Mark Zuckerberg's $19bn darling, WhatsApp, isn't as secure as we thought: a Dutch researcher has found that chats can be accessed and read by other apps. Bas Bosschert has described a process by which the chat database can be read even if it's encrypted. His proof-of-concept, here, runs through the process. Here's the short …
"Isn't as secret as you think"
Ok, own up...
Which numpties out there thought it was secret?
Re: "Isn't as secret as you think"
Mark Zuckerberg's $US19-billion darling, WhatsApp, isn't as secure as we thought: a Dutch researcher has found that chats can be accessed and read by other apps.
Indeed. The very assumption that WhatsApp is "secure" is preposterous. Secure from what and whom? Any details on how the App was developed? Did they make a statement on it being secure in memory, transport, what?
Re: "Isn't as secret as you think"
The claim "WhatsApp isn't as secure as we thought" does not presume that WhatsApp security was any good.
Re: "Isn't as secret as you think"
"The claim "WhatsApp isn't as secure as we thought" does not presume that WhatsApp security was any good."
No but it does presume that we _thought_ WhatsApp security was someting other than completely and utterly non-existant. Nobody with half a clue thought that _before_ they were acquired by Facebook, and there's certainly no doubt after becoming part of Facebook (even for those totally sans clue).
Did anyone think WhatsApp was secure?!
They have a notoriously bad track record. Prior to August 2012, messages weren't even encrypted!
That's exactly what Facebook paid for...
.... being able to access all your messsages...
Re: That's exactly what Facebook paid for...
Oh come on, what utter dipstick down-voted this?!
Take a bite of the reality pie! As LDS above has said, this is the one and only reason Zuck want's WhatsApp, purely to get his greedy mitts on your private's and preferably a way through, via your phonebook, to all your mates private's too!
Why aren't all apps properly sandboxed? Boggles the mind.
What's your definition of proper? I personally want apps that can work with each others data.
I want to be able to save X from Y and open it in Z. It's the inability to do that which irritates me so much about iOS.
All that's needed to 'fix' this is a concept of file permissions. It's all running on Linux I can't imagine it's that difficult to add an API call to say this file is private and can only be read by apps in this family.
But the thing is, if I buy a file manager app because I want to see what's stored on my phone. Shouldn't that work? Shouldn't I be able to do what I like with the files including read them?
If WhatsApp wants their data private then they should take steps to protect it.
On iOS, they are.
Relying on each individual application to re-invent their own implementation of something the OS should be doing is just stupid.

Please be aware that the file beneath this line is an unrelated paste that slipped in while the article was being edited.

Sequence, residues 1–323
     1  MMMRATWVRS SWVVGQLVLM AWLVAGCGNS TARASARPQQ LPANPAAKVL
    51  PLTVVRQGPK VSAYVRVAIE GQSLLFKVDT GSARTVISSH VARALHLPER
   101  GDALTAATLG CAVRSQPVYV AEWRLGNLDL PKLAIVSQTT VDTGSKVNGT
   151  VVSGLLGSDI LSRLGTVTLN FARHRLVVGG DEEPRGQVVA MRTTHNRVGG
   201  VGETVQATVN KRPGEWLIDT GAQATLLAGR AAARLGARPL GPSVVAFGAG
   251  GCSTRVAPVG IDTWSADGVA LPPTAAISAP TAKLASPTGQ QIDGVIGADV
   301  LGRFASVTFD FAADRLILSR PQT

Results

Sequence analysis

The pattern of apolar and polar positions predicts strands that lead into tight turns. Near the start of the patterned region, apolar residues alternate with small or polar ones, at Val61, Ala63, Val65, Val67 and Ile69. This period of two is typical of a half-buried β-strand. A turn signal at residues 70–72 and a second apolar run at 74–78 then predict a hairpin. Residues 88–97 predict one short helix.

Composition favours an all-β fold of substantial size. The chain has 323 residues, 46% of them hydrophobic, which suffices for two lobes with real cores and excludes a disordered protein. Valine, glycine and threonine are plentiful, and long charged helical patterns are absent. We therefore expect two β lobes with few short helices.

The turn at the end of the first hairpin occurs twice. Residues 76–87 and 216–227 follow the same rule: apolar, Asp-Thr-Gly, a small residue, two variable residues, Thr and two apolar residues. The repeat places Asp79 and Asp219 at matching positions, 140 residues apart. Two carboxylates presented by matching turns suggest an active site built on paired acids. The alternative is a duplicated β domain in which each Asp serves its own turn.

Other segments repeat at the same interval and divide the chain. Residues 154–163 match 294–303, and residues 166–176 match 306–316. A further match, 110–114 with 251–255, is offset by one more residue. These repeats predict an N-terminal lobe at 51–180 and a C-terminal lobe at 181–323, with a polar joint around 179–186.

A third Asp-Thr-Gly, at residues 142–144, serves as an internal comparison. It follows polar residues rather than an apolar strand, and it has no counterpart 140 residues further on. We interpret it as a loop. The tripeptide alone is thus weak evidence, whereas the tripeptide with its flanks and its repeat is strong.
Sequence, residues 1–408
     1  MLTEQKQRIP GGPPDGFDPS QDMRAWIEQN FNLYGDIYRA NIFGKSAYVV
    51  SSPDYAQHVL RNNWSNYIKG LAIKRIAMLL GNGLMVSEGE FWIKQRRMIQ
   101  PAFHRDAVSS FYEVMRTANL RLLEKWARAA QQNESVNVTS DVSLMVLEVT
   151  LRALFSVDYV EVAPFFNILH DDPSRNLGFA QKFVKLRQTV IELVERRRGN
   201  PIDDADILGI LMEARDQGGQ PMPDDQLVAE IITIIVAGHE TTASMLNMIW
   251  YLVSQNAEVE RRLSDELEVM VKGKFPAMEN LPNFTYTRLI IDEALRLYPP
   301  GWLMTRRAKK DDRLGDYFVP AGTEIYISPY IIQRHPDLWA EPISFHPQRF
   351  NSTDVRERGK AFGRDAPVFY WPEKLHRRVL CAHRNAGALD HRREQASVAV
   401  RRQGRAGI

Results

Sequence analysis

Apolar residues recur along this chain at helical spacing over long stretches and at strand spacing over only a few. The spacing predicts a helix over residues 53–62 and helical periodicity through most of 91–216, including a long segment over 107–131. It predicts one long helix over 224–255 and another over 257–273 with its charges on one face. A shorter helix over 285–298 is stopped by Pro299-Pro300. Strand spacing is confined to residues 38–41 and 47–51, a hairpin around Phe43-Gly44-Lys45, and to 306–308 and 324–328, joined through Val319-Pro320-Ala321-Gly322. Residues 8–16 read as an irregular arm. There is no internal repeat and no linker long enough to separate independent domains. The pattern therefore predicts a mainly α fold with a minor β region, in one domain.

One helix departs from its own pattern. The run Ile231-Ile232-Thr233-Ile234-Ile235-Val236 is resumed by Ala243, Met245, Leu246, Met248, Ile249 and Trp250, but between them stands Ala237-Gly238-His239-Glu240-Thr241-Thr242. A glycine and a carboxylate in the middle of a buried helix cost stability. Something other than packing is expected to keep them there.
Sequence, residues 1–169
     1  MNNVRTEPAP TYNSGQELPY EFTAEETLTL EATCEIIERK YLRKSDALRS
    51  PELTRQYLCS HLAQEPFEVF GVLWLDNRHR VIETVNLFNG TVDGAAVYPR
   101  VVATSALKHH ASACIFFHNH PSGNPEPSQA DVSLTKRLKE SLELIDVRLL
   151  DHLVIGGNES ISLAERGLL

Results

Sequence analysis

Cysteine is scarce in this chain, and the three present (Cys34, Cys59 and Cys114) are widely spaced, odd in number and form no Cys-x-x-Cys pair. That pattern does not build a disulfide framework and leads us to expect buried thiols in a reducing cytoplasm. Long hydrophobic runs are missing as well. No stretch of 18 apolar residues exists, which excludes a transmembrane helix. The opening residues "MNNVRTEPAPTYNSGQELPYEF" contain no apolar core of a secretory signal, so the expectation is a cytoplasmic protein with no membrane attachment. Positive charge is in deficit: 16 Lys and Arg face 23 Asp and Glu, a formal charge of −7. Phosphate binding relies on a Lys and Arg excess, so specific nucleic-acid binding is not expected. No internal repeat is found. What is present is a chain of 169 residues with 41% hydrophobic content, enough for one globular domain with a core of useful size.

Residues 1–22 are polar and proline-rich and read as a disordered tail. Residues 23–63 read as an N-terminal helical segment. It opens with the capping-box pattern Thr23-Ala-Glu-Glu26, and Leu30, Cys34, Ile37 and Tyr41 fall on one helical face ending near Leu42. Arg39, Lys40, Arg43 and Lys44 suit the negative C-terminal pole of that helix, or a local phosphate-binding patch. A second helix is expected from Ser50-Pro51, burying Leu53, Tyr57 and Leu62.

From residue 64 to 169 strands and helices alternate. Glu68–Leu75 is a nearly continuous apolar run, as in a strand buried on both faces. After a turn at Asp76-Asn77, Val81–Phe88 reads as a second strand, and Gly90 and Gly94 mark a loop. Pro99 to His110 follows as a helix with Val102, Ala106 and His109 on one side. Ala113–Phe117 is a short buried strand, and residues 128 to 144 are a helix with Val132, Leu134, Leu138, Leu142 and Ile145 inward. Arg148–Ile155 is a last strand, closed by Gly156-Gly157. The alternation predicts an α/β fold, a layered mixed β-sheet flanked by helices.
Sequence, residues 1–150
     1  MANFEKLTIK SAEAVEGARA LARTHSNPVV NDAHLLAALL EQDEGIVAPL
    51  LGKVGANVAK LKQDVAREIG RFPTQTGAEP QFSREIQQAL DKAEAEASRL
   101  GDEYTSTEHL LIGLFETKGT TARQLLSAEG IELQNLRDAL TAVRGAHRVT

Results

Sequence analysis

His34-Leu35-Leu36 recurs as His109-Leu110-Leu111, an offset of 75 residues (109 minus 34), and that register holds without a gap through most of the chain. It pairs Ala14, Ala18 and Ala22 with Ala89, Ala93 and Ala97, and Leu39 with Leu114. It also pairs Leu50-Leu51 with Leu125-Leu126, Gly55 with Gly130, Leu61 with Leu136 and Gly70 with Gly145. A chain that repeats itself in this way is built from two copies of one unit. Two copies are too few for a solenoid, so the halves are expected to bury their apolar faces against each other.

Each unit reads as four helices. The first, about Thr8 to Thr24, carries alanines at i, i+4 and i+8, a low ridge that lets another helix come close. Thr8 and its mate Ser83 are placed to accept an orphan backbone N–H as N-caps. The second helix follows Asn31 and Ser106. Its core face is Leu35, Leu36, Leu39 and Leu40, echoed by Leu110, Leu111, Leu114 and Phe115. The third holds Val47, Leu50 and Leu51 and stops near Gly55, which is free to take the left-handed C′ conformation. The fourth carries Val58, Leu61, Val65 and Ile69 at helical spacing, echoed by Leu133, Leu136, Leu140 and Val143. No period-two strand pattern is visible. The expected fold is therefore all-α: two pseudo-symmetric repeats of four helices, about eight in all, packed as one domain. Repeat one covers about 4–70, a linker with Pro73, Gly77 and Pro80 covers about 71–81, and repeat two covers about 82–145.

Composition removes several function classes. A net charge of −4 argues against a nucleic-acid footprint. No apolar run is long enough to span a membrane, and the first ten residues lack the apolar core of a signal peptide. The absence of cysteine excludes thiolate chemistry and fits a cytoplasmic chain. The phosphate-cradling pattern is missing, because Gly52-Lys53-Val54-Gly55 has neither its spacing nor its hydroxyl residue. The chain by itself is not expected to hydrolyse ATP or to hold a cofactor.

> this file is private and can only be read by apps in this family
This is just what one uses users and groups for in a Unix-like environment. It's so odd that the security model for Android seems to ignore that heritage, or at least not to use it efficiently.
You get what you pay for...
And I'm not knocking it, WhatsApp is good for a free app.
But if you want secure communications you need to buy secure communications. There are plenty of companies out there that will sell you something to do the job (assuming you pass the government scrutiny of your case for secure communications).
Re: You get what you pay for...
>There are plenty of companies out there that will sell you something to do the job
However, unless you've already passed government scrutiny these companies probably won't even speak to you in anything other than generalities - the fun and games of highly secure systems integration!
ooh, a squirrel
Ah, there is evidence that this came with the product that Zuck bought.
But that's not going to stop the 'another reason I've never used FB' whinges.
It's funny how people expect storage on a phone to be sandboxed yet they don't expect it on a desktop or laptop for example. The developer should be looking after the saved data properly even if a sandbox is in place.
Yet there's so much whining going on now that Google are restricting the ability to write to SD card, however and whenever a developer wants.
No doubt sandboxing of data is on the way (now that KitKat permits automated cleanup of directories after an app is uninstalled)
If I released such an application then the data would be encrypted right from the start and the encryption key would NOT be easily available.
maybe its because on most mobile devices the user doesn't have direct access to the file system or the data stored without going through the installed app they assume that means it is only ever accessible through or by the app concerned.